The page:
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Prince Jackson's days usually go like this: He gets off work at 6:30 in the morning, gets on the bus, and is home by 7:30 a.m. This time of year, the sun is just rising over Ozone Park as he opens the front gate of the house where he lives and walks around to a back door that leads down to the basement.
Jackson goes down a flight to the room he rents from the family upstairs. The room is small—about seven feet by eight feet—just enough space for his mattress, a television, and a dresser. There aren't any windows. On the wall is a picture of Jackson's son, a college student he doesn't get to see very much. The family upstairs charges Jackson $125 a week for the room, but in the past year, he has fallen behind.
Jackson has something to eat and is asleep by 9 a.m. He'll wake up around 3 and prepare a dinner to take to work. Most of his meals come from the food pantry at his church, where he volunteers. After he makes dinner, Jackson will nap some more, or maybe watch TV. At 8 p.m., he'll get up, shower, and put on his uniform. By 9, he's on Sutphin Boulevard and waiting for the number 6 bus.
An hour later, Jackson is at work, at Delta's two terminals at John F. Kennedy International Airport, where he's a security guard. Jackson makes sure no one enters the gate area without passing through the Transportation Security Administration screening checkpoints. He ensures no one unauthorized exits the access doors to the tarmac. He guards the employee entrance and makes sure only properly accredited staff come in. He responds to alarms. Charged with keeping the terminals safe, Jackson is an integral part of aviation security at JFK.
He makes $8 an hour, doesn't get sick days, and doesn't have health insurance.
Jackson works for Air Serv, a private company with 8,000 employees and contracts at more than 50 airports in the United States and abroad. Air Serv has its fingers in many parts of airport operations: Employees guard airport perimeters, screen baggage and passengers, push wheelchairs, and clean plane cabins. At many airports, including JFK, LaGuardia, and Newark, they're also part of the security mesh that protects the airports: TSA employees, who screen luggage and passengers, work for the government. The Port Authority's police and security contractors control access to the airport. But inside the terminals, most of the security is still handled by contractors hired by airlines, just as it was before 9/11.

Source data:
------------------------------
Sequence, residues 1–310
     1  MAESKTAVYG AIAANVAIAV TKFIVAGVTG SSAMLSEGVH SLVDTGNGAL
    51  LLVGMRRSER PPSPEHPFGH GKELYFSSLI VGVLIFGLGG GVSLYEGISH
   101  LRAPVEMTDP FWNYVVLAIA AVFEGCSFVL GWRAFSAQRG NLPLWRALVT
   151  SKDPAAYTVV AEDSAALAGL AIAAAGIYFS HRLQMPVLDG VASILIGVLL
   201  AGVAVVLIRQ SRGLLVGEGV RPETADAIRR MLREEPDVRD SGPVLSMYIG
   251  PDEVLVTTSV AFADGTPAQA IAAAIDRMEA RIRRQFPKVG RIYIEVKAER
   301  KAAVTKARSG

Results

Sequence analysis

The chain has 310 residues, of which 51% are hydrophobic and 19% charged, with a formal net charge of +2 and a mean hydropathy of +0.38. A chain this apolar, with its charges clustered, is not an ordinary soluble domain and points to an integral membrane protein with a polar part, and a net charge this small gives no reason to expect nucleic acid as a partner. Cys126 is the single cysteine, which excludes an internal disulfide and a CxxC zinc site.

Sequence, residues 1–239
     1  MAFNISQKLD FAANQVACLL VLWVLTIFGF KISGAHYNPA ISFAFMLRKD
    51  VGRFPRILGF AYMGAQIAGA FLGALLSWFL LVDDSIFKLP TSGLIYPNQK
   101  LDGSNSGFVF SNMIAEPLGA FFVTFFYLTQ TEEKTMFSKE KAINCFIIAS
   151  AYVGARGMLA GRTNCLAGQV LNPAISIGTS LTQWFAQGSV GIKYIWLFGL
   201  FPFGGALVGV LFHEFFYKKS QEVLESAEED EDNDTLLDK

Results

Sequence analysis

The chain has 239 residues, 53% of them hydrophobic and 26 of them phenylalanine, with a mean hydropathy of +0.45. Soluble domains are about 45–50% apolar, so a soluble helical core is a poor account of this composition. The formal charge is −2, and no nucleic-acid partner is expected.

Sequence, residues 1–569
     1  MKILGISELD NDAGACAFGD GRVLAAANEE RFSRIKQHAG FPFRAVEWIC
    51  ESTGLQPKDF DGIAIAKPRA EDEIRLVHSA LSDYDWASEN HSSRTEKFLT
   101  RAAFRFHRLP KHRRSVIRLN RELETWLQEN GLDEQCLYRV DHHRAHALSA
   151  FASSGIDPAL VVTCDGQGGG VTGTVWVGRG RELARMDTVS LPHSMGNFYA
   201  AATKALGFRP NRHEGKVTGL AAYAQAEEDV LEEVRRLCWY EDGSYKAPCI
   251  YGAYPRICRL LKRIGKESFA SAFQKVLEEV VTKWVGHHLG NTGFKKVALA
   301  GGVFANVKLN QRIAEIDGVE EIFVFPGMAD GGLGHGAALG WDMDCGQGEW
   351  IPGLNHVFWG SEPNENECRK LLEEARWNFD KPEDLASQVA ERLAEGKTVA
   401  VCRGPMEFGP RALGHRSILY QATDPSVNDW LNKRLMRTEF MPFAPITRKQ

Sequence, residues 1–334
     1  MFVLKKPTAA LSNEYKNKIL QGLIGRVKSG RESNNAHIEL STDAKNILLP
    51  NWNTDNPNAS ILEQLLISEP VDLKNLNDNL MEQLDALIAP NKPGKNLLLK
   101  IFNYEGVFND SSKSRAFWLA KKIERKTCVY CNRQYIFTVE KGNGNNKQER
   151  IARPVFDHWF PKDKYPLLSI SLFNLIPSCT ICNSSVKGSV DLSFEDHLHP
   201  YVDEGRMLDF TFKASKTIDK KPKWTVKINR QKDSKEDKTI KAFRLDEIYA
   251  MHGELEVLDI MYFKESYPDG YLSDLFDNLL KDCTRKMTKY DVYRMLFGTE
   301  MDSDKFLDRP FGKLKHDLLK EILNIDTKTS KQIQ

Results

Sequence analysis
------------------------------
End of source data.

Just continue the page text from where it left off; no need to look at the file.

Working at different companies throughout the city, Jackson has been a security guard for nine years. He lost his last job in 2009 after the economy tanked, but a city placement program connected him with Air Serv, which had just won the Delta contract at JFK.
"They needed 100 guards," Jackson recalls. "They hired me on the spot."
He wasn't thrilled about the wages—less than he'd made in other security jobs—but Jackson was desperate. He has been working the overnight shift ever since—except for a week last year when he got a severe stomach flu.
Jackson found a clinic in Astoria that would treat him for $15. "When I came back the next week, I brought a doctor's note, so they didn't fire me. But we don't get sick days, so I didn't get paid. That really put me in the hole. I'm still behind on my rent."
On its website, Air Serv describes itself as a people company. "To have satisfied customers, you must first have employees who feel valued and are recognized for exceptional job performance. . . . Once a year, 110% Club galas are held across the country to recognize those employees who play a huge role in our success."
Jackson isn't convinced. "We never heard anything about a 110 Club," he says. "The first time they mentioned that was when we started talking about a union."
Over the past decade, the United States spent $1.1 trillion on homeland security and transformed the landscape of airport security.
New agencies were created to ensure safe air travel; an army of federal employees was hired and trained; backscatter-imaging machines were purchased en masse so quickly that their health risks were never adequately evaluated; and travelers were conditioned to take off their shoes, dispose of liquids and gels, and participate in a stupefying array of other new rituals of security-as-theater.
But Prince Jackson and his co-workers at Air Serv and other airport security contractors inhabit a corner of airport security that has hardly changed in the past 10 years. Like their predecessors from an earlier era, they provide a last line of defense for the airlines by preventing unauthorized access to airplanes, runways, and vulnerable areas of the airport. Like their predecessors, Jackson and his colleagues work for companies competing for contracts from ever-tighter airline budgets in a cutthroat market where CEOs can make a fortune by paying their workers less than the other guy.
The result is that at the most security-conscious time in America's history, when more money than ever before is being spent on keeping airports and airplanes safe, the scene today at airport-terminal security doesn't look so different from what you find at any fast-food counter: low-skill, poorly trained workers making close to minimum wage who are ready to bolt for a better job as soon as they can find one that offers sick days or 25 cents more an hour.